Microsoft supporters are calling the federal appeals court ruling on the Microsoft antitrust case a victory for Microsoft. Judge Thomas Penfield Jackson's order to break up Microsoft has been nullified, the case is being sent back to the District Court, and the judge has been disqualified from further participation, based on his own "flagrant" violations of the Code of Conduct for federal judges.
As Bill Gates himself said in a press conference on Thursday, "We're very pleased ... We feel very good about what the court has written here."
But the 125-page opinion from the U.S. Court of Appeals for the D.C. Circuit also holds that Microsoft is a monopoly and has behaved anticompetitively -- that, in fact, it violated the Sherman Antitrust Act. For the most part, the court upheld Jackson's findings of fact, which recounted in voluminous detail how Microsoft abused its control of the market for operating systems to gain market share for its Internet Explorer Web browser, at the expense of Netscape Navigator. To some legal observers, the court's findings of liability on various monopoly power abuse issues constitute a huge defeat for Microsoft, one that may require the software company to appeal immediately to the Supreme Court.
Specifically, the appellate court agreed with the Department of Justice prosecutors and Judge Jackson that Microsoft had abused its monopoly power by forcing computer hardware makers (OEMs) into signing licenses that restricted their rights to preinstall Netscape Navigator, by integrating I.E. into the Windows operating system in such a way as to make it more difficult for Netscape to compete ("commingling" browser code and operating system code, and failing to provide an option to remove Internet Explorer), and by engaging in deals with Internet service providers and other Internet content companies that gave preference to Internet Explorer.
In sum, the analysis of the court could be devastating to Microsoft. "The core of the case is that Microsoft has lost," says Lawrence Lessig, a professor at Stanford Law School. "They violated the antitrust laws, and the real issue is now remedy."
And yet, at the same time, Microsoft has much reason to rejoice. Not only did the court modify a few of the findings of legal liability -- for example, it ruled that the District Court had not made the case that Microsoft engaged in illegal "tying" by bundling its browser with the operating system, and asked the court to apply a different legal analysis if it wished to revisit that argument -- but it also was able to take advantage of astonishing errors on the part of Jackson that essentially required that his order to break up the company be nullified.
The court ruled that Jackson's failure to allow a hearing in which Microsoft could have protested the breakup remedy was impermissible, but it saved special scorn for Jackson's behavior in making public comments about the case to reporters while the case was still ongoing: "The violations were deliberate, repeated, egregious, and flagrant." It did not find evidence that Jackson was biased in his findings of fact, but it did hold that there was reason to believe that his venting of animus against Microsoft during the very period in which he was crafting his remedy could have affected the shape of that remedy.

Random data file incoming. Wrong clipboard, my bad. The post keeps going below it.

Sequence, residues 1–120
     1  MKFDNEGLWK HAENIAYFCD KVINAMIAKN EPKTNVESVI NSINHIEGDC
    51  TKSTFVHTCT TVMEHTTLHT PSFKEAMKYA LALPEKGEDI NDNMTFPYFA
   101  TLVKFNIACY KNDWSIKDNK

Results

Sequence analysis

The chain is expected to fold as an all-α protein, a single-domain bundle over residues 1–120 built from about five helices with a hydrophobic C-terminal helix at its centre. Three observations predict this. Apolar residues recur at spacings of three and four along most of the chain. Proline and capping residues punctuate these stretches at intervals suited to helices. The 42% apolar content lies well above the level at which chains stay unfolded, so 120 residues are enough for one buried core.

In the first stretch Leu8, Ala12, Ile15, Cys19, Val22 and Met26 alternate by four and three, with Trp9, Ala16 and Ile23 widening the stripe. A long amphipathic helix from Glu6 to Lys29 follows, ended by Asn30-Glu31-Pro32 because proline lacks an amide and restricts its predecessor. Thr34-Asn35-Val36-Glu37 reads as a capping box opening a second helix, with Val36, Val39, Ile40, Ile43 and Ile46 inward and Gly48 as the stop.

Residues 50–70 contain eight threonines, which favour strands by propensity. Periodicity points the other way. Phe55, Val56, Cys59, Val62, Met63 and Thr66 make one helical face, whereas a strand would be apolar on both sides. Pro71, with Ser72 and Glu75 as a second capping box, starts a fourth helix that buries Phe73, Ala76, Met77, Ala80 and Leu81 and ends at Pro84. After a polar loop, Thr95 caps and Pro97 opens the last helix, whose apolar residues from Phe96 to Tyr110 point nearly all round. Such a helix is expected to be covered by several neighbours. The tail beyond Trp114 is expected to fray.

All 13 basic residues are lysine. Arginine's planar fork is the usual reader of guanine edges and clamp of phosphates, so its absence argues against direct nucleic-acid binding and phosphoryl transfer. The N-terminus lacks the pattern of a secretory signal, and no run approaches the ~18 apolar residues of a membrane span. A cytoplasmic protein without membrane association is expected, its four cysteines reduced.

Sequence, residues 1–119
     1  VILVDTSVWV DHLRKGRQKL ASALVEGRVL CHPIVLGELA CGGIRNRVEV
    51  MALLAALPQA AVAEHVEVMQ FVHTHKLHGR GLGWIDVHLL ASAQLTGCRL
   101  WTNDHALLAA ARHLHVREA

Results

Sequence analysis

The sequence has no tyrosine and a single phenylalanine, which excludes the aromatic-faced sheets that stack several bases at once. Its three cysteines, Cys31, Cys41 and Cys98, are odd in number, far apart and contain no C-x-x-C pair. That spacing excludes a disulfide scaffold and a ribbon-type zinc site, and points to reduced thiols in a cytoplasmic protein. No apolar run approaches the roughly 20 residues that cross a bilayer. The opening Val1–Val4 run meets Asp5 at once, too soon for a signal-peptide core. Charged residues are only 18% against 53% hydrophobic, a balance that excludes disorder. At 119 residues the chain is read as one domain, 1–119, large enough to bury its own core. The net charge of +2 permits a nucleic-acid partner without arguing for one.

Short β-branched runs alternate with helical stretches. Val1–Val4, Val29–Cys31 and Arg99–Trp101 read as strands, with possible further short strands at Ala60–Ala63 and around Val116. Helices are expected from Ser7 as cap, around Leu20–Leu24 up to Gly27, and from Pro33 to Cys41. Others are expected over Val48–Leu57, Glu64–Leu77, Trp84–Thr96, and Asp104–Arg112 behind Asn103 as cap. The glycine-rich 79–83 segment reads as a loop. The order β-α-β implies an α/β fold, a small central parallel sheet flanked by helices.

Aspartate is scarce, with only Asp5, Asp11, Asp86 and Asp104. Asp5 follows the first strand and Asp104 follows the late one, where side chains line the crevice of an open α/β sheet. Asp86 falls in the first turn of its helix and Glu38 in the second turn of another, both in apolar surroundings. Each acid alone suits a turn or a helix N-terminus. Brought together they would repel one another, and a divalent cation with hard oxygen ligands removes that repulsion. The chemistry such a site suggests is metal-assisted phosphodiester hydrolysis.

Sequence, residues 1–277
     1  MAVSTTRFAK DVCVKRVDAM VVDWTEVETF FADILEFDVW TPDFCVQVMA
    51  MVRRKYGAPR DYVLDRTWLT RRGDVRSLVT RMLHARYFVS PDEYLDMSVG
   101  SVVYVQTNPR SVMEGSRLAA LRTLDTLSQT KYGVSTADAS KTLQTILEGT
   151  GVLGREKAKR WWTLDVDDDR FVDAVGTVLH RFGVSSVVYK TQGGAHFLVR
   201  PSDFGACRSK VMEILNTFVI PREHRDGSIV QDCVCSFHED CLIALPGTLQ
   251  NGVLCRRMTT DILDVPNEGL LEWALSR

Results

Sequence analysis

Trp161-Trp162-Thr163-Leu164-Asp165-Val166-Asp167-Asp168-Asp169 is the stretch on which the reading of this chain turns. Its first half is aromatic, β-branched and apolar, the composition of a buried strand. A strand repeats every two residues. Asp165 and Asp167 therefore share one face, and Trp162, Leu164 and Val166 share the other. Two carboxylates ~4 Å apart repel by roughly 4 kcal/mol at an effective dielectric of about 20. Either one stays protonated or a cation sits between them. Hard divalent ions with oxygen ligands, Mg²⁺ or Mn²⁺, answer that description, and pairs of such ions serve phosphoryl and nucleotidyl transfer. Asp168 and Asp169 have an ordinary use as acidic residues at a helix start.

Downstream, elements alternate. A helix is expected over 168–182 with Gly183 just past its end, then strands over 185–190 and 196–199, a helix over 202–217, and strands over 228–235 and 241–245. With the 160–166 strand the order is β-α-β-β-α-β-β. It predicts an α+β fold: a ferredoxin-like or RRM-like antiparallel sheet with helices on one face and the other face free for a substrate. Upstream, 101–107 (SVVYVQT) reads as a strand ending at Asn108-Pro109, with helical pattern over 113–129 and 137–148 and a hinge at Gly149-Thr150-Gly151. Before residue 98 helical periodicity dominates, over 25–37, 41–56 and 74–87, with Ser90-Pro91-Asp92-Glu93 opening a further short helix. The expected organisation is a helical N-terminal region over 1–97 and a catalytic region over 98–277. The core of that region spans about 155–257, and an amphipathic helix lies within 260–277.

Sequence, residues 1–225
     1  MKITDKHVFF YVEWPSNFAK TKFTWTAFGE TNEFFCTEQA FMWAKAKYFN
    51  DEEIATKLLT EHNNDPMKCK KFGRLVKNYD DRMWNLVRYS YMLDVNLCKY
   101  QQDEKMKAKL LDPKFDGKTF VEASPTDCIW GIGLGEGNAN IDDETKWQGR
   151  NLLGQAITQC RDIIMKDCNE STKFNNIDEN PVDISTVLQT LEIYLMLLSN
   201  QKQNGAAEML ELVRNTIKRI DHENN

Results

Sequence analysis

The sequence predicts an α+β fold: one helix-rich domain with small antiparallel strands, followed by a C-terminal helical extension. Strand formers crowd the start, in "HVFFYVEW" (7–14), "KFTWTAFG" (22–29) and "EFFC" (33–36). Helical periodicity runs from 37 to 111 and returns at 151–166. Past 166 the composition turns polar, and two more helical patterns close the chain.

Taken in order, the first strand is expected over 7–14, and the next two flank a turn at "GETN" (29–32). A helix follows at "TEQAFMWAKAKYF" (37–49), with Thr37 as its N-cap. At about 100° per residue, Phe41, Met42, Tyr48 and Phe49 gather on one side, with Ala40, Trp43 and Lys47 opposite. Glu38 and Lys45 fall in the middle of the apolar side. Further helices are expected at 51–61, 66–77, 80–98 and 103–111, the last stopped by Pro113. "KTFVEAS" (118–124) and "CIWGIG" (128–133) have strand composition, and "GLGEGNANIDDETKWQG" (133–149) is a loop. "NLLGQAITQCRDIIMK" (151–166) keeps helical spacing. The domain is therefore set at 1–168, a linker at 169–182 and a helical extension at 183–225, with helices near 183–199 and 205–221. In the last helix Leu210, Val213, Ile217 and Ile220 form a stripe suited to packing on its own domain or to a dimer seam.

So what does it all mean? Perhaps the only thing that is really clear is that the nation's most important antitrust case in a generation is far from over. Both sides have reasons to appeal to the Supreme Court -- the Department of Justice can try to protest the nullification of the remedy hearing on the basis of Jackson's behavior, and Microsoft can try to fight the upholding of the findings of fact. But a further wild card is the change in presidential administrations. Will the Bush Department of Justice seek vigorously for a new punitive remedy, will it come to some kind of settlement with Microsoft, or will it simply drop the case?
Few longtime followers of the case are willing to handicap the Justice Department's likely strategy. But there are some factors that might dissuade a Bush DOJ from folding its tent and letting Microsoft walk away. For one thing, there is the issue of the various antitrust actions being brought against Microsoft by individual states. As Eliot Spitzer, New York's attorney general, said in a statement, "the court unanimously affirmed the core claim of our case that Microsoft has willfully and repeatedly violated antitrust laws, whose prime mission is to protect consumers and business from the behavior of a monopolist." Regardless of Attorney General John Ashcroft's feelings about antitrust enforcement, many legal experts feel the states are unlikely to retract their claims against Microsoft, given the decisions of the appellate court.
Certainly, if the Justice Department does intend to continue its prosecution, it has every reason to do so.
"We uphold the District Court's finding of monopoly power in its entirety," asserted the appellate court.
"Microsoft reduced rival browser's usage share not by improving its own product but, rather, by preventing OEMs from taking actions that could increase rivals' share of usage ... Microsoft's conduct, through something other than competition on the merits, has the effect of significantly reducing usage of rivals' products and hence protecting its own operating system monopoly; it is anticompetitive."
Anticompetitive behavior? On first glance, longtime Microsoft foes might finally be able to say that they have won. But they can only be gnashing their teeth as they consider how Jackson's indiscretions gave the appellate court plenty of room to prevent any immediate progress toward a Microsoft breakup. Meanwhile, Microsoft can continue doing as it pleases, unhampered by any current legal restrictions or punishment for past behavior.